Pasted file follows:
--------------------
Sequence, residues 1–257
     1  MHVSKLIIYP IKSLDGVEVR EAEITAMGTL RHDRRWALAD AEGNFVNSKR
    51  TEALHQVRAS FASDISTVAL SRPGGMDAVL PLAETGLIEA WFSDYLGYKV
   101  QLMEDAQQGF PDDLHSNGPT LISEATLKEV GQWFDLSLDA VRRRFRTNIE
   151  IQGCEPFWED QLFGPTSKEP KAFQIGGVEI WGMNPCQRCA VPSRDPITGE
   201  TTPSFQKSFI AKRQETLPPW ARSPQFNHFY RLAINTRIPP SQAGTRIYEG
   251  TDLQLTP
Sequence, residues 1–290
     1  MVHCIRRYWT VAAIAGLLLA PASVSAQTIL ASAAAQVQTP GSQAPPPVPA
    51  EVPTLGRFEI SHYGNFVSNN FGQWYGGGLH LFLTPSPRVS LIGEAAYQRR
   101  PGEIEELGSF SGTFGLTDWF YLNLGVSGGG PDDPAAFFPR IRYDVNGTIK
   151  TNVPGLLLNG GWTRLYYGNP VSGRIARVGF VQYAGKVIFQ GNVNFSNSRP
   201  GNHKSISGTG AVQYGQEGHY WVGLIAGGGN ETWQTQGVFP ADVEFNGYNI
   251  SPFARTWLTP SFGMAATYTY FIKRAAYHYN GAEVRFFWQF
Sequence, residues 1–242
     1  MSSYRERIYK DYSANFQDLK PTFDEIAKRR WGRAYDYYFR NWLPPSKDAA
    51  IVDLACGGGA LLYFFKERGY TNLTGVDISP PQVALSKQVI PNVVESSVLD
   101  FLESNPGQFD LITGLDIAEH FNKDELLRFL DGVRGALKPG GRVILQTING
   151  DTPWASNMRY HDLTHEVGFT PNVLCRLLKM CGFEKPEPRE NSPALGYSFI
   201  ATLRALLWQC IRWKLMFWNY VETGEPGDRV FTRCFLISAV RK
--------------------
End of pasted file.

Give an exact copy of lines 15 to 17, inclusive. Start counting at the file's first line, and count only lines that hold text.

Sequence, residues 1–242
     1  MSSYRERIYK DYSANFQDLK PTFDEIAKRR WGRAYDYYFR NWLPPSKDAA
    51  IVDLACGGGA LLYFFKERGY TNLTGVDISP PQVALSKQVI PNVVESSVLD